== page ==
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Are you sure you need to go to Court?

Parents, unable to resolve plans for the ongoing care of the children post-separation or child custody and/or access issues, may turn to the Courts for resolution. There is a subgroup of parents who will entrench themselves in their position and defend themselves primarily by pointing to the shortcomings of the other parent. The trouble in some of the more fractious cases is both parents engage in the same tactic, pointing out different foibles of the other, both justifiably. In many of these cases there is a profound emotional immaturity even in the face of intellectual sophistication on the part of both parents.

In such situations, the parents present with polar views as to the children’s interests where such views are more a matter of value positions, rather than an issue of real consequence. In other words, one parent will like blue and the other will like red. In truth, either colour is fine, but both parents present as if the future well-being of the kids is fully depends upon the “right” choice. An assessment reveals that each parent’s preference is highly subjective, influenced more by their personal history than the real needs of the children. Parents confuse their needs and wants with the needs of their children and each parent simply wants to win in order to live out their idealized solution.

Childcare workers are often faced with similar scenarios; two kids fighting in the sandbox over a toy; each child kicking sand at the other. Their solution is eloquent in its simplicity. Either they take the toy away from both children, or they help them set rules for sharing. If the worker sets the rules, then both children must abide even if not fully to their liking. The better workers will have the kids give each other a hug and move on. Kids get over these disputes quickly and most remain fast friends afterwards.

In the adult situation of parenting decisions post-separation, clearly the stakes are higher, but the process is similar. The trouble lies in the sophistication of the fight and access to resources. Parents can bring in more arguments, can obscure details, and can economically and emotionally wear each other down. Unlike kids in the sandbox, their very children suffer the consequences of the ongoing and resource depleting dispute. The children may suffer economically as each dollar to the dispute is a dollar that could have been directed to their care. The children suffer emotionally. They are subject to the toxic emotional atmosphere of each parent and as each parent is emotionally preoccupied with the dispute, the emotional nurturance of the children suffers. Each parent has less to give the children emotionally and when they do, it is tainted by their animosity to the other parent. Despite parents objections to the contrary, this is a structural consequence of the situation and kids do suffer. Many parents seek to distance themselves from this truth or otherwise posit blame on the alternate parent. Few parents truly take responsibility for their contribution to the children’s distress in these situations, they continue to use the transgressions of the other to legitimize their own.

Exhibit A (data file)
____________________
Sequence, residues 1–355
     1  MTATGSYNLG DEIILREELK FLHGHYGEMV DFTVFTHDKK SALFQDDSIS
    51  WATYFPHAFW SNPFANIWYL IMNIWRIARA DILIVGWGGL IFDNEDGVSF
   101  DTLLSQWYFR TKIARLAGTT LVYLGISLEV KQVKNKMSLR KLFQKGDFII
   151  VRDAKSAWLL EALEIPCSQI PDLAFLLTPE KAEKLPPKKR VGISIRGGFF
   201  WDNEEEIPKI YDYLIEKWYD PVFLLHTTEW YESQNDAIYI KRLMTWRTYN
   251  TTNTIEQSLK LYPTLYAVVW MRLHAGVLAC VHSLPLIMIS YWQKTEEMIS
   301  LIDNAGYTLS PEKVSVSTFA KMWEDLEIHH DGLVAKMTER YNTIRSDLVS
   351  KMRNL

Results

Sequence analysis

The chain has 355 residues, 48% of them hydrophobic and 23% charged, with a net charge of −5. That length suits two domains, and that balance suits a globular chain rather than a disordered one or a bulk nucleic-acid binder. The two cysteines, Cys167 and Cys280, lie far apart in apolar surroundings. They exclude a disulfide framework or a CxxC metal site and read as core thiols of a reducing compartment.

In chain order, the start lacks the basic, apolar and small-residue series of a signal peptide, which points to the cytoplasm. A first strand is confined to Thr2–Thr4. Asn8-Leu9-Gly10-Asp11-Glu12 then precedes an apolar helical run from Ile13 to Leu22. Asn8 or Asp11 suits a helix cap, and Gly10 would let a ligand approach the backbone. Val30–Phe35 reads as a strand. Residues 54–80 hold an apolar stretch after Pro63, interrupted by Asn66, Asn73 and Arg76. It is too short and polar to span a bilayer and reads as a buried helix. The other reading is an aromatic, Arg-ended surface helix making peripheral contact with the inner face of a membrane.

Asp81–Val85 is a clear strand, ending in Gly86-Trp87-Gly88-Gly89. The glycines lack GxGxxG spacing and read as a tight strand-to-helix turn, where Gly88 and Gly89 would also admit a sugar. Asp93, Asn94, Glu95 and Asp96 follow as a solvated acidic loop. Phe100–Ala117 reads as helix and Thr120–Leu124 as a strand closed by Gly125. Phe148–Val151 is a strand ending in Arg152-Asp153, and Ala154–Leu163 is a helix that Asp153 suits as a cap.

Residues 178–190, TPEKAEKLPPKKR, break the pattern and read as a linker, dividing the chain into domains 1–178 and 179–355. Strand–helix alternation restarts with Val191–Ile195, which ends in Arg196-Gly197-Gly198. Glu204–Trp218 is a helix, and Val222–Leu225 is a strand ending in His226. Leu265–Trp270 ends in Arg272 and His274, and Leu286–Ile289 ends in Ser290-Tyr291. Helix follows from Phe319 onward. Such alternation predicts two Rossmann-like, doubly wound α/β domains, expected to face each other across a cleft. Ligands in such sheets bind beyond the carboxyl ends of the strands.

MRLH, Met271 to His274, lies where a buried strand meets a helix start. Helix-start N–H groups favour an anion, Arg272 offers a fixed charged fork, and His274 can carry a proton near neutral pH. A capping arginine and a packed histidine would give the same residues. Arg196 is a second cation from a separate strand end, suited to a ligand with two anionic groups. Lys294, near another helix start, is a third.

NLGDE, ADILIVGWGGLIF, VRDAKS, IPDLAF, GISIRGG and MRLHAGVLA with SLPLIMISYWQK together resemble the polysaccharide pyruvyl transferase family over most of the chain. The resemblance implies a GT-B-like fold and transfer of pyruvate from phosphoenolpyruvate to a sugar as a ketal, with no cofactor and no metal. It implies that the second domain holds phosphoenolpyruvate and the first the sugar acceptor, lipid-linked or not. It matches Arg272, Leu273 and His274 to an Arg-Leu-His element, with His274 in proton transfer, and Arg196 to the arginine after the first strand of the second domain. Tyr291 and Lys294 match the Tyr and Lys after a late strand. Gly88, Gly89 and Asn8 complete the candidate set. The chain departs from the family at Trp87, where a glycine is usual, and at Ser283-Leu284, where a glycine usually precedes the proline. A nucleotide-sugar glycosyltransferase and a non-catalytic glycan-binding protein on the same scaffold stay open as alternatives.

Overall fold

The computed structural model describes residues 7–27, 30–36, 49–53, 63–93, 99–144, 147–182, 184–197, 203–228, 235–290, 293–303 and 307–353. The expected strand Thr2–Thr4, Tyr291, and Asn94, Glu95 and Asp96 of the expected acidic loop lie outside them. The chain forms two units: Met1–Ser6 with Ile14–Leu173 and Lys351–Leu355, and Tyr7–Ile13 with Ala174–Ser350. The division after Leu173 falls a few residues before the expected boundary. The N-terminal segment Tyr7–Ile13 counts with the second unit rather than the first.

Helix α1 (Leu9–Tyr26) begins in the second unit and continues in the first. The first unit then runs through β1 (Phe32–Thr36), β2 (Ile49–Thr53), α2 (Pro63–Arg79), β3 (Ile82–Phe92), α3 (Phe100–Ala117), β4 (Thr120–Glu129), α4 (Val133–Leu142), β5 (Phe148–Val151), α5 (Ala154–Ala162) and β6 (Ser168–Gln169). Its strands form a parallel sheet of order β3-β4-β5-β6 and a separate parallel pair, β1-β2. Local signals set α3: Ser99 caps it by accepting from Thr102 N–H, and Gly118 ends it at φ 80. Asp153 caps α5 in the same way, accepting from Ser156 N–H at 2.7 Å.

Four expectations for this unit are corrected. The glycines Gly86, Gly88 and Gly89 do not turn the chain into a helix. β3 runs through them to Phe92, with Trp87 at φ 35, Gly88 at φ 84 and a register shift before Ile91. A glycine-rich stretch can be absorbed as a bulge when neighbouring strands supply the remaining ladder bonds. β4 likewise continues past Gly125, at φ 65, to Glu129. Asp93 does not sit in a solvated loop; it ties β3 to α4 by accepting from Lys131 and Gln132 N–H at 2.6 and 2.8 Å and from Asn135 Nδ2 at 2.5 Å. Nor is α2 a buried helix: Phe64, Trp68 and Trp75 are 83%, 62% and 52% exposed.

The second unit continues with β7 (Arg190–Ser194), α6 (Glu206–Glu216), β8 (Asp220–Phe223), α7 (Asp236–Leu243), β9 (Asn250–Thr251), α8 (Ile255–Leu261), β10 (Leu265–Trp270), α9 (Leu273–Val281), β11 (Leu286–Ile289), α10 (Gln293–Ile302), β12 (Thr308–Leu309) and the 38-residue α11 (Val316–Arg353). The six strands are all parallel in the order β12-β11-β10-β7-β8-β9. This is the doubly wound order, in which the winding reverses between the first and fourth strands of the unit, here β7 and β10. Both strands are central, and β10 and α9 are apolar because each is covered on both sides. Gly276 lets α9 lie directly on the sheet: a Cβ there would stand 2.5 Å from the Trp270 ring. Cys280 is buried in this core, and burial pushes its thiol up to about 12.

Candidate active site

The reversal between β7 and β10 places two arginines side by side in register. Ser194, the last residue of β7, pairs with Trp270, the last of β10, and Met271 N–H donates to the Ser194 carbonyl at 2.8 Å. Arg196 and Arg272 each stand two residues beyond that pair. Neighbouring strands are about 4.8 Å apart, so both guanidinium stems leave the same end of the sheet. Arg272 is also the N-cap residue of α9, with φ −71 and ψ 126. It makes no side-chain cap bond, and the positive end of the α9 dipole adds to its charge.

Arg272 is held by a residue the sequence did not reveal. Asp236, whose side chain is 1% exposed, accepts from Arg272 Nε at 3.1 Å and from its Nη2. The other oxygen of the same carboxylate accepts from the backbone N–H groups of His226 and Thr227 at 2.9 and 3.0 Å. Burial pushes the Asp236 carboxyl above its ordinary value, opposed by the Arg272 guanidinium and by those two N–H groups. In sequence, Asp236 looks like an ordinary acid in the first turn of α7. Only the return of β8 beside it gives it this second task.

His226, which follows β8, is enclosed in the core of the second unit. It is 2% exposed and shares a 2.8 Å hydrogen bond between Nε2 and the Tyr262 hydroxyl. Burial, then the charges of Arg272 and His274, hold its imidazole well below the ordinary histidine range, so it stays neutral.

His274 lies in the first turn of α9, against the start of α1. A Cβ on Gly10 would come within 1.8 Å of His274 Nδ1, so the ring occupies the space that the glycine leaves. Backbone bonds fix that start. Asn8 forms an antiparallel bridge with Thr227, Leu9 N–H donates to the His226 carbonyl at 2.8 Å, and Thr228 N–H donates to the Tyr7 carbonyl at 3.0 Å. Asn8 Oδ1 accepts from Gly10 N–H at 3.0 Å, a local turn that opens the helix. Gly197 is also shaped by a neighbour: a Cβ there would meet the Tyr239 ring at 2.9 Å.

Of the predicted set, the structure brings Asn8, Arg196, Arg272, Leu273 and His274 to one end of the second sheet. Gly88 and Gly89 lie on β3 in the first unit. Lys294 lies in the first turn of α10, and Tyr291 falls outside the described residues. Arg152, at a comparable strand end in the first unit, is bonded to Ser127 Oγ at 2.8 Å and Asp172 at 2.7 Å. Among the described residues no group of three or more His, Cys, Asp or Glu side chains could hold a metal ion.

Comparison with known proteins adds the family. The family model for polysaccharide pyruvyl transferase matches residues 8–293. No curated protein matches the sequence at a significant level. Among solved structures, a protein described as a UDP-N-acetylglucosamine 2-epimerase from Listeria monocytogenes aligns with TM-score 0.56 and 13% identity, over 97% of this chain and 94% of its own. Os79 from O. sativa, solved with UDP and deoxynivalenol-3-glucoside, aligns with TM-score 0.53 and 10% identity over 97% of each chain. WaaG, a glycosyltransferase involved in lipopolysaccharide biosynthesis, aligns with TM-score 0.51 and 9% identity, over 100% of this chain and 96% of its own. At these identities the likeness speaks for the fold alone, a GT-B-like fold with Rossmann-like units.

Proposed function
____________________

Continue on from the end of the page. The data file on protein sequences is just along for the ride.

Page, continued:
Appealing to the Courts in these situations is a reasonable solution for parents who otherwise are unreasonable. In such situations, the concern or view of the parent becomes secondary to the needs of the children. Assessors and Courts are then in the untenable position of imposing solutions that likely neither parent will enjoy, but simply makes the best of a terrible situation. While structural arrangements may be imposed to address the children’s needs, neither the assessor nor the Court can impose maturity upon the parents. In such situations it is imperative that the agreement or Order be as behaviourally and objectively specific as possible as these kinds of parents are apt to nip at the edges of any agreement or Order.

When are these situations resolved? When either or both parents let’s go the fight or when the children become teenagers and vote with their feet by leaving home early. The kids who leave home early are the ones at higher risk for their own problematic relationships. Quite the legacy.

Hopefully somewhere along the line parents gain some maturity. What is maturity? Being able to separate one’s needs and wants from those of the children and then subordinating them to the needs of the children. 

Children’s needs before parents’ wants is the answer.

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Gary Direnfeld, MSW, RSW
(905) 628-4847

Gary Direnfeld is a social worker. Courts in Ontario, Canada, consider him an expert on child development, parent-child relations, marital and family therapy, custody and access recommendations, social work and an expert for the purpose of giving a critique on a Section 112 (social work) report.

Search Gary’s name on GOOGLE.COM to view his many articles or visit his website. Call him for your next conference and for expert opinion on family matters. His services include counseling, mediation, assessment and assessment critiques.


For information on Direnfeld's book, Raising Kids Without Raising Cane, click here.


20 Suter Crescent, Dundas, ON, Canada L9H 6R5  Tel: (905) 628-4847  Email: gary@yoursocialworker.com